This past December, a comment appeared on my original Waldorf post from a liquidation company that claimed to have acquired a large number of Waldorf books. I followed up with a request for more information and got this response, which I’ve been given permission to share:
A defaulted storage unit filled with thousands of books? Not good.
Waldorf is also shedding contracts. In September of last year, a number of Waldorf writers received emails informing them that their books were being discontinued due to low sales. (A brief brouhaha erupted when a former Waldorf staffer contacted terminated authors to offer her own formatting services should they wish to re-publish, prompting the company to send out another email declaring that the former staffer was “misleading [authors] of communications from Waldorf Publishing” and that the matter had been referred “to our attorney as we speak.”)
Then, last week, I began hearing from more Waldorf authors who’d received termination emails in early January, this time from a lawyer apparently retained by Waldorf. Just like in September, they were informed that their books were being discontinued due to low sales. But this time, money was involved.
Now, there are two ways to read this email. The first is that two separate things are being offered here: one, the return of “physical and electronic” rights, and two, a suite of (dubious–see below) extra services. Saying yes to the first offer, which does not involve a fee, doesn’t mean you have to accept the second, which has a price tag of $350.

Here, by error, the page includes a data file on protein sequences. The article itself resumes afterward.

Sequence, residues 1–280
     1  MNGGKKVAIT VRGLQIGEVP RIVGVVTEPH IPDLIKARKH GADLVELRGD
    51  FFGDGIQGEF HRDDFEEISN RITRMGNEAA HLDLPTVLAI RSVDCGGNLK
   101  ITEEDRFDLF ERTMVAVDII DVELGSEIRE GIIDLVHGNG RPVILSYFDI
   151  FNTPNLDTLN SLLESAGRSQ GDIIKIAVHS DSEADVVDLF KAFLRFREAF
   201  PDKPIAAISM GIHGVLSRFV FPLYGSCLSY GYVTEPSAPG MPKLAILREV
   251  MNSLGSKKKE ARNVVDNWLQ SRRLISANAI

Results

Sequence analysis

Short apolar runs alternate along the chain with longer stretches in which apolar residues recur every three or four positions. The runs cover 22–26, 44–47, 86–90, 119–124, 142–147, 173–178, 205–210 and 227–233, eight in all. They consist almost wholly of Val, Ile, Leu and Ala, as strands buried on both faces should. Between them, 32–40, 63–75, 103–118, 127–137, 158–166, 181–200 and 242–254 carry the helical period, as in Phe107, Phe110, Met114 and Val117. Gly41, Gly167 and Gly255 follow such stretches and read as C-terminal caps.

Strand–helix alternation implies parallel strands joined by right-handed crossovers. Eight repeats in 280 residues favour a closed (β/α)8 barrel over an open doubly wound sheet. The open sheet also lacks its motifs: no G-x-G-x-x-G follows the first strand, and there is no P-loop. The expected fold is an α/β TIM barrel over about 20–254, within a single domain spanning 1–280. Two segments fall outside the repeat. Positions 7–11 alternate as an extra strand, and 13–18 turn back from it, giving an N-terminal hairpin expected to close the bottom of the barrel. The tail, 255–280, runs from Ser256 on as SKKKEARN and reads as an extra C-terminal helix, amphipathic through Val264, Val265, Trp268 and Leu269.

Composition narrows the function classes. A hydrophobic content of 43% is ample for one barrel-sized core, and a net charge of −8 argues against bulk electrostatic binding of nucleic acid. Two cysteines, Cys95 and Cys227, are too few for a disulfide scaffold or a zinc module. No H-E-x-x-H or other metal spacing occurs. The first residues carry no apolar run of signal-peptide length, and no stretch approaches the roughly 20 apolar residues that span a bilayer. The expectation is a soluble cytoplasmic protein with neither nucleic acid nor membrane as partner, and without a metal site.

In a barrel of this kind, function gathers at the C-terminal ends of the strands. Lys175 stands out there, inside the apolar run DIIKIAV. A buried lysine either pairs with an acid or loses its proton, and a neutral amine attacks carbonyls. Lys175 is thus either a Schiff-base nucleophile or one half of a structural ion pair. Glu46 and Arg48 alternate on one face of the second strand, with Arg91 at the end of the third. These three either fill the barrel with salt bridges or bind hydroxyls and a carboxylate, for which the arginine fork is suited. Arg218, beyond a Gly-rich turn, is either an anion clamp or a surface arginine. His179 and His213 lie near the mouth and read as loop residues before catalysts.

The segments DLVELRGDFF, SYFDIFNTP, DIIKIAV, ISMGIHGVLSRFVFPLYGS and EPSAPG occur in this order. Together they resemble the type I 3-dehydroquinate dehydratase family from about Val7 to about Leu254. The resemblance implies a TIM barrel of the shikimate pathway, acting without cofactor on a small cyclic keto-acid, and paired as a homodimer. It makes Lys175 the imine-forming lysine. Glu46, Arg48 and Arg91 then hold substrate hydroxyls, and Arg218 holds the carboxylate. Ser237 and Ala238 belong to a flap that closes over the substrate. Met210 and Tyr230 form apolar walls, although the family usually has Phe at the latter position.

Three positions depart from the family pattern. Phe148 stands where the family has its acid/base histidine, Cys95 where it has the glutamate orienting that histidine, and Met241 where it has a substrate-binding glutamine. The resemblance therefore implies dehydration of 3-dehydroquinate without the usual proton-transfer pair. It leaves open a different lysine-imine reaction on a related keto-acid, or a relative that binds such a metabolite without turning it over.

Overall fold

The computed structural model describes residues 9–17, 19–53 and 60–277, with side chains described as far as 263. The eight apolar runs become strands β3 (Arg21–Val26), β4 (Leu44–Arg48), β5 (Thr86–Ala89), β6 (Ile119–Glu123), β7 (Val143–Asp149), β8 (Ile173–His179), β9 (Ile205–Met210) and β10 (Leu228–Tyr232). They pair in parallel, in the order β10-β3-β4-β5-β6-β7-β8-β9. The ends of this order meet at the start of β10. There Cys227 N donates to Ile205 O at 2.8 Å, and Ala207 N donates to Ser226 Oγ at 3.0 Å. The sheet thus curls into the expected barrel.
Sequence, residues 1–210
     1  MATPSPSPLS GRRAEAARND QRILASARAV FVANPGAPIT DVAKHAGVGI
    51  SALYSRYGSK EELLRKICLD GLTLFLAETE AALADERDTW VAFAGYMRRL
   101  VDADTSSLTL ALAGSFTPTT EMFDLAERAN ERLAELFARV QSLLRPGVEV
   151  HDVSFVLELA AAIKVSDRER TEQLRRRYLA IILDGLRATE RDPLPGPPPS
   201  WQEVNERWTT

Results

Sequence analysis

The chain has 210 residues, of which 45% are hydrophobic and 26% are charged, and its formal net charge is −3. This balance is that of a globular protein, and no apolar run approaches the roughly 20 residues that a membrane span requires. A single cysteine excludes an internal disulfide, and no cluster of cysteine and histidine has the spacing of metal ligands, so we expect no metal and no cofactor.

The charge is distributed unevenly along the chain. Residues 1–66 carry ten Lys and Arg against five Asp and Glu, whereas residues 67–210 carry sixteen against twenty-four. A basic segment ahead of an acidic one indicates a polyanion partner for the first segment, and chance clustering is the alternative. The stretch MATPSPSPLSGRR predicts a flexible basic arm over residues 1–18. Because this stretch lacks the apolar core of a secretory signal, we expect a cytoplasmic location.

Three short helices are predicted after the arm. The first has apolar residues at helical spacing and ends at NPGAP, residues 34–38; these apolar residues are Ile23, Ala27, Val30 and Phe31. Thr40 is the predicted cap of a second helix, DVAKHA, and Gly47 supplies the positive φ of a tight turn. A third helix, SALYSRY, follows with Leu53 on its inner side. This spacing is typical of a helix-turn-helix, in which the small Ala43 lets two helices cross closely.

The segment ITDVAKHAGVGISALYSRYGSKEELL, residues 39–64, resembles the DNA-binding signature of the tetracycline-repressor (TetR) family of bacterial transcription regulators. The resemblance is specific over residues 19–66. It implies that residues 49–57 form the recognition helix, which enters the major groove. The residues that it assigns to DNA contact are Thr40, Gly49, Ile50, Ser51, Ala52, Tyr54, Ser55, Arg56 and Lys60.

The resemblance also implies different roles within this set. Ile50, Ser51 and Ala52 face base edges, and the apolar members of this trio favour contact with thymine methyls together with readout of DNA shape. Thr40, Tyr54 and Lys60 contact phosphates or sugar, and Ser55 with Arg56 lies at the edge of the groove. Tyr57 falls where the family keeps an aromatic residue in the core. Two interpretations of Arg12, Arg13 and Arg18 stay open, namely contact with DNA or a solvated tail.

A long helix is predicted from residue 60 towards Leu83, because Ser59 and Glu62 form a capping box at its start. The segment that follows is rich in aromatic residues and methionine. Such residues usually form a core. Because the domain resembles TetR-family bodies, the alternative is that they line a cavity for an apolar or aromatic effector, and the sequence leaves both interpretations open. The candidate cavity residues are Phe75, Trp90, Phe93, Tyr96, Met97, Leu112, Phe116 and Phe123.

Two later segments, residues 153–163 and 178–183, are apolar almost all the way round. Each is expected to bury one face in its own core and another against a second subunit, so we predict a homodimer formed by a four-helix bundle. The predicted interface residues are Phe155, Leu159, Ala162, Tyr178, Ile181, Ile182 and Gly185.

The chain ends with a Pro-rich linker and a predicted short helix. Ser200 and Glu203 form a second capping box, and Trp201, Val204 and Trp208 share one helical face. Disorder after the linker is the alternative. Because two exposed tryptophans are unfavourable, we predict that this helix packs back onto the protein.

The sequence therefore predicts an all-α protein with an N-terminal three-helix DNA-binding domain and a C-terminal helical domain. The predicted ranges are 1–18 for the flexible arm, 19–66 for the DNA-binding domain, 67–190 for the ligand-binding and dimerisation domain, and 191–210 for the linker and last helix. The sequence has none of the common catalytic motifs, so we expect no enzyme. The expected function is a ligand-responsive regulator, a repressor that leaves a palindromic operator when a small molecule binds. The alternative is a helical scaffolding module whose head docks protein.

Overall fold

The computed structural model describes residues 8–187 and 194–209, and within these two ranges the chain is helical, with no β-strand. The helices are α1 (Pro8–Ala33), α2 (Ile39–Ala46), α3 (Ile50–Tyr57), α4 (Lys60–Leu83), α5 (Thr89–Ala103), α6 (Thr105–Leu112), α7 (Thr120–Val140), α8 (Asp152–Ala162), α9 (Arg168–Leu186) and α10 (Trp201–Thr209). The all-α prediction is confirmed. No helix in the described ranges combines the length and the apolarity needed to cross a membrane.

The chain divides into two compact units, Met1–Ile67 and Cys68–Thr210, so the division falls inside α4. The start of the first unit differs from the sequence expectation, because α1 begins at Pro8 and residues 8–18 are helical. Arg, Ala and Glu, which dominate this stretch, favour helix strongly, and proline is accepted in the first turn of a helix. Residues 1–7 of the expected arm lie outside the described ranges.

The other way to read it–especially if you are in shock at suddenly discovering your book is being axed, or your eyes glaze over at the sight of legalese–is that the return of rights is contingent on handing over $350 for a bunch of services you didn’t ask for. Which is, in fact, exactly what all the authors who contacted me about this email assumed.
Poor wording, or deliberate ambiguity? Hmmm.
As for the services writers are being asked to buy, they are at best dubious, and at worst undeliverable. The shoddy quality of much of Waldorf’s design and formatting work is not a huge recommendation for the reformatting offer–plus, there’s no guarantee it would result in a file that was usable by another publisher or publishing platform, all of which have their own requirements and protocols. The new ISBN might not be especially useful either; ISBNs uniquely identify the purchaser, and if Waldorf bought them, they are Waldorf ISBNs just as much as the ones on the books that are being discontinued.
As for the offer to “release and reassign” audiobook rights…Waldorf audiobooks are published through Audible/ACX. ACX contracts extend for seven years, can’t be terminated (except by Audible), and can’t be reassigned without written permission from Audible (and Audible is highly resistant to such requests). So it’s unclear how–or if–Waldorf could accomplish this.
I can’t say for sure that Waldorf is in the kind of death spiral that offloading contracts and abandoning stock often indicates for small presses. What’s clear, though, is that Waldorf’s business ventures are in disarray, and it is not just getting rid of books, but trying to monetize the process by making a few bucks on its authors on their way out the door.